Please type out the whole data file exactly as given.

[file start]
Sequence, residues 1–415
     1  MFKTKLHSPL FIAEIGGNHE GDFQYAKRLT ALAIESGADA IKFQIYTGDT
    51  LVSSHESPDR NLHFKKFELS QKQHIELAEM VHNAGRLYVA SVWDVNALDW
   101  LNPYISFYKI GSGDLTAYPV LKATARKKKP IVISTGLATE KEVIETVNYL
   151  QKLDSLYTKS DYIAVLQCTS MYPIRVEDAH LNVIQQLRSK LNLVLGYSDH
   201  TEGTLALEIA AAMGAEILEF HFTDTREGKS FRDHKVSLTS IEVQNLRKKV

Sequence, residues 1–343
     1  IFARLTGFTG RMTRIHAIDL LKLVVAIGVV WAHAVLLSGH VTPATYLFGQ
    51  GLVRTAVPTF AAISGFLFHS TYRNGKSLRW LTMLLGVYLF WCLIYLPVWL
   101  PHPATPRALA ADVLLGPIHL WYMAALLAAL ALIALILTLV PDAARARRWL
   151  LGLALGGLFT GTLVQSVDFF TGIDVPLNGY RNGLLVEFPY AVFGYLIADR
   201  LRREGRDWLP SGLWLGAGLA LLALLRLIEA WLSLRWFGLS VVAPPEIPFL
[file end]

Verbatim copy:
Sequence, residues 1–415
     1  MFKTKLHSPL FIAEIGGNHE GDFQYAKRLT ALAIESGADA IKFQIYTGDT
    51  LVSSHESPDR NLHFKKFELS QKQHIELAEM VHNAGRLYVA SVWDVNALDW
   101  LNPYISFYKI GSGDLTAYPV LKATARKKKP IVISTGLATE KEVIETVNYL
   151  QKLDSLYTKS DYIAVLQCTS MYPIRVEDAH LNVIQQLRSK LNLVLGYSDH
   201  TEGTLALEIA AAMGAEILEF HFTDTREGKS FRDHKVSLTS IEVQNLRKKV

Sequence, residues 1–343
     1  IFARLTGFTG RMTRIHAIDL LKLVVAIGVV WAHAVLLSGH VTPATYLFGQ
    51  GLVRTAVPTF AAISGFLFHS TYRNGKSLRW LTMLLGVYLF WCLIYLPVWL
   101  PHPATPRALA ADVLLGPIHL WYMAALLAAL ALIALILTLV PDAARARRWL
   151  LGLALGGLFT GTLVQSVDFF TGIDVPLNGY RNGLLVEFPY AVFGYLIADR
   201  LRREGRDWLP SGLWLGAGLA LLALLRLIEA WLSLRWFGLS VVAPPEIPFL